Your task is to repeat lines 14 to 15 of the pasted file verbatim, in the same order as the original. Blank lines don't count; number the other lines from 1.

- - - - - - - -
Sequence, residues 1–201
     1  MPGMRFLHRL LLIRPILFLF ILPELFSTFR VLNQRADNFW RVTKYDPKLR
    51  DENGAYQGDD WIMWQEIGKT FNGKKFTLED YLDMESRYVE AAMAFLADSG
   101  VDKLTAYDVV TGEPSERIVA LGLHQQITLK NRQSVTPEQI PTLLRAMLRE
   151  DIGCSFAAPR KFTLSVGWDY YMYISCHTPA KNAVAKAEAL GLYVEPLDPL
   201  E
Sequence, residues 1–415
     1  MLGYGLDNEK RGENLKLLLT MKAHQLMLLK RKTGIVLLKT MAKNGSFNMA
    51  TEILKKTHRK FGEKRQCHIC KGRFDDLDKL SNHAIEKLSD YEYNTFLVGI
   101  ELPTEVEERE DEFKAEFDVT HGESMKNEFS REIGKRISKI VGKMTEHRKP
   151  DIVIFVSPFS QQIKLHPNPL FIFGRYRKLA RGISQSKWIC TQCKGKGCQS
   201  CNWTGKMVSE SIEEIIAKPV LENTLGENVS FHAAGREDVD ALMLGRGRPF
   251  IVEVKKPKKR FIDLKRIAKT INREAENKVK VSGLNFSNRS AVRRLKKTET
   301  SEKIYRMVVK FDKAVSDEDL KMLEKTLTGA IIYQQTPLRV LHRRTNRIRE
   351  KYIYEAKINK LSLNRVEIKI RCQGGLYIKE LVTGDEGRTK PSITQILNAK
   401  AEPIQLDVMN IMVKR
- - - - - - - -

   301  SEKIYRMVVK FDKAVSDEDL KMLEKTLTGA IIYQQTPLRV LHRRTNRIRE
   351  KYIYEAKINK LSLNRVEIKI RCQGGLYIKE LVTGDEGRTK PSITQILNAK